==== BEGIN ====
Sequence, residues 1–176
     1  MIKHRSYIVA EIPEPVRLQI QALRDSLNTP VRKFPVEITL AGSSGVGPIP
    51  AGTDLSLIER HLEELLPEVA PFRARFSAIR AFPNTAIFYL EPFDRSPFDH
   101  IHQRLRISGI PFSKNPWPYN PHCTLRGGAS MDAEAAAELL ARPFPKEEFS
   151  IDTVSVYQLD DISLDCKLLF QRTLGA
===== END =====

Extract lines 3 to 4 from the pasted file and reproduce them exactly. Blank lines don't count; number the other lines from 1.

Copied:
    51  AGTDLSLIER HLEELLPEVA PFRARFSAIR AFPNTAIFYL EPFDRSPFDH
   101  IHQRLRISGI PFSKNPWPYN PHCTLRGGAS MDAEAAAELL ARPFPKEEFS